Martin had a lunch meeting that day, and Mother was taking some clients out, so I sat down at the kitchen table and worked out a meal plan for the week, which was one of the things I'd heard good housewives did, and shopped at the grocery accordingly. I'd cooked for Martin before, of course, and he'd grilled meat for us many times, but this would be the first meal I'd cooked for him as his wife in our new home, and I thought it should be fancy, but not so fancy that he got inflated ideas about what our daily cuisine would be: and also not so difficult that I ruined it. We'd gotten at least five cookbooks as wedding presents, and I mildly looked forward to our eating our way through them. I sat in our little family room and watched the news, reading through our backlog of magazines during the ads. Then I wrote some more thank-you's, managing to acknowledge over half the gifts that had arrived in our absence. When I walked to the end of the drive to put the notes in the mailbox, I noticed for the first time that the Youngbloods had put up their own mailbox. That made sense, since we had the same address; it was a problem I hadn't thought of before, and here it was already solved. I ambled back up the drive, looking idly through the load of bills and occupant notices and free samples I'd found in the box. As we'd decided in our premarital counseling, I would be responsible for paying the month-to-month bills from our joint account, into which Martin and I each deposited a predetermined amount from our separate incomes. So I pulled out our brand-new joint checkbook, paid the bills, and signed the checks "Aurora Teagarden."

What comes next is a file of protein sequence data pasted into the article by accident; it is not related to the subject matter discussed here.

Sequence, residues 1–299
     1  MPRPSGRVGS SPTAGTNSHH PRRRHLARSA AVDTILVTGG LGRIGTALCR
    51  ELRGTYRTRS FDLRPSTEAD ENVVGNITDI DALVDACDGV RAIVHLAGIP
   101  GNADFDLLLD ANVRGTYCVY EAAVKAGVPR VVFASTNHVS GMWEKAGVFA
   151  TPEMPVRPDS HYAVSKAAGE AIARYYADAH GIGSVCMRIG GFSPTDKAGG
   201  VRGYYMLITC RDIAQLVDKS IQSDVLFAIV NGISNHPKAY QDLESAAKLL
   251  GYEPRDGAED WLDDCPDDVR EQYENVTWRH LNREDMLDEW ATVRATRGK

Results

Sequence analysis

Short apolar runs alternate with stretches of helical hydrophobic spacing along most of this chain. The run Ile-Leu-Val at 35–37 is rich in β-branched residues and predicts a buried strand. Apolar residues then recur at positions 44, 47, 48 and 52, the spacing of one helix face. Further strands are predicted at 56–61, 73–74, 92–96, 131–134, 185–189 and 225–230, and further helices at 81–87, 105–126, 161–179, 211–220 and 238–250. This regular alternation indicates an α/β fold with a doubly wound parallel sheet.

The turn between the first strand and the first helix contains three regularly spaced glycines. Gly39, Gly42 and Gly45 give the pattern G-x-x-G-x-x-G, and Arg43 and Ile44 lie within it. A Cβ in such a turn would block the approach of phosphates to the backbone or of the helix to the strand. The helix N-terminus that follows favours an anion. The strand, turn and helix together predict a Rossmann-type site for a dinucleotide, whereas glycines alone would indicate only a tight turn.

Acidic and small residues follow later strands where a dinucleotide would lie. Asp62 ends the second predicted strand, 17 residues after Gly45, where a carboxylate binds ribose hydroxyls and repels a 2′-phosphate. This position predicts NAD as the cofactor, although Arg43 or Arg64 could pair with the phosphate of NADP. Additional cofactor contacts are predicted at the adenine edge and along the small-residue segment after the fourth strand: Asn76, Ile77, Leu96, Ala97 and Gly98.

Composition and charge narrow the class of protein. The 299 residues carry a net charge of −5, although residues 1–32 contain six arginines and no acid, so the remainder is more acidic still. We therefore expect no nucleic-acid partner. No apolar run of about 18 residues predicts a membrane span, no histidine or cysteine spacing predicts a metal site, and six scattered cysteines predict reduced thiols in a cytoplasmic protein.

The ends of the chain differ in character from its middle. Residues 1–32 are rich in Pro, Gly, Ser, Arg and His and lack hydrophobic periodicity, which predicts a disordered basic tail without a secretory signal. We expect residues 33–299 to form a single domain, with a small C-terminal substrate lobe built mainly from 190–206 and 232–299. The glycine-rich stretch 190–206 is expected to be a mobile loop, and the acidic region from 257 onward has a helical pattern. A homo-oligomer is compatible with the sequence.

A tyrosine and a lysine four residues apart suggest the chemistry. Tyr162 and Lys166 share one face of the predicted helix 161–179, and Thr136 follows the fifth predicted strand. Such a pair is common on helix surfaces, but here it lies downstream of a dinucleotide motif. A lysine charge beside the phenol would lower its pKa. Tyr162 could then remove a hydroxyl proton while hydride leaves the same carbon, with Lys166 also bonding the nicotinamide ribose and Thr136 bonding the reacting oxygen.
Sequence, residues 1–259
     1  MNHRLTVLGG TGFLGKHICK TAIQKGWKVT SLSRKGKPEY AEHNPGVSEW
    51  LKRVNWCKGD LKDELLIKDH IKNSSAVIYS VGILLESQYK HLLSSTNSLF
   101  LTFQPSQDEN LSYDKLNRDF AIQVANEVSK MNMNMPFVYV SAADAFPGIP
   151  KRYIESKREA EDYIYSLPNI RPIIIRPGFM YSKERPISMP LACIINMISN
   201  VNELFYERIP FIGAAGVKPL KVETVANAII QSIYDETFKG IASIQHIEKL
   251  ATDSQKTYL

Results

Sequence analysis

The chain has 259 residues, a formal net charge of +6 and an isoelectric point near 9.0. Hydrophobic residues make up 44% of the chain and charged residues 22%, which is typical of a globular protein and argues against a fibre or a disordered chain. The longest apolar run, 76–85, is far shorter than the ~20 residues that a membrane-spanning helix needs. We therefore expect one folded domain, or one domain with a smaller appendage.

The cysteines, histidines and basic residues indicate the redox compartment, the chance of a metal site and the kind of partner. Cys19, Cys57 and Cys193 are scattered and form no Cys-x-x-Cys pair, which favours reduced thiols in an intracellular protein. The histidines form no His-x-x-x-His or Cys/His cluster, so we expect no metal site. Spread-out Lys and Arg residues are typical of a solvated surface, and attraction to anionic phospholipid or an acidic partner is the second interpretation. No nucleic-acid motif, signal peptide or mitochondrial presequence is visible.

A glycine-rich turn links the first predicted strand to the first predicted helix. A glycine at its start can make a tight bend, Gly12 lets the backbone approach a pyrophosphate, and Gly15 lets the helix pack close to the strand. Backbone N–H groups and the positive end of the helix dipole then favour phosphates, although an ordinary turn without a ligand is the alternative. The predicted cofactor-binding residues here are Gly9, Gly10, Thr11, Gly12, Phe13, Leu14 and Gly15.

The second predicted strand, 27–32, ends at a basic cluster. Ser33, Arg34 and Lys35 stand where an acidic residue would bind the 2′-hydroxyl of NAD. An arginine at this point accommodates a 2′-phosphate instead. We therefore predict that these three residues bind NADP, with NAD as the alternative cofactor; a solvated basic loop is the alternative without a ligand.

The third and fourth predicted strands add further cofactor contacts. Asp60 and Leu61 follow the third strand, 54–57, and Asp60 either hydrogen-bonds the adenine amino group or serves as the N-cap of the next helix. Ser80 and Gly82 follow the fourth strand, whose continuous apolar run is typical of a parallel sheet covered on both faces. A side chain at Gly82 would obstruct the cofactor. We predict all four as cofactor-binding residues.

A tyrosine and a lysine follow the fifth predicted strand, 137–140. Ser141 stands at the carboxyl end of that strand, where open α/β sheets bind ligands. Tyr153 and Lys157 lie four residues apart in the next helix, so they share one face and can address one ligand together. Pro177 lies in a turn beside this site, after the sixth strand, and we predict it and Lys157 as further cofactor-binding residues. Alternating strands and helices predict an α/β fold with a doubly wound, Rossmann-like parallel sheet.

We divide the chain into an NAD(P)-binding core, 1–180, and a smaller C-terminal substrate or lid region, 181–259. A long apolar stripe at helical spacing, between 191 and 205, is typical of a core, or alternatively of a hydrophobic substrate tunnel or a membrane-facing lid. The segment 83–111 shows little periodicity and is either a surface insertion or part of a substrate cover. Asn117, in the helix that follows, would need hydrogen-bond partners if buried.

Okay, okay. I'd kept my name, that absurd and ridiculous name that had been my bane my whole life. When it got right down to it, I just couldn't become anyone else. Martin had had a hard time about that, but I had a gut feeling I was right. When I feel like that, I am fairly immovable. And I can't tell you how much better it made me feel. I had my own money, I had my own friends and family, I had my own name. I was one lucky woman, I told myself as I sliced strawberries.
Martin opened the front door and yelled gleefully, "Hi, honey! I'm home!"
I started laughing.
I was actually able to turn from the sink and say, "Hello, dear. How did your day go?" just like a sitcom mom.
I was one lucky, uneasy woman.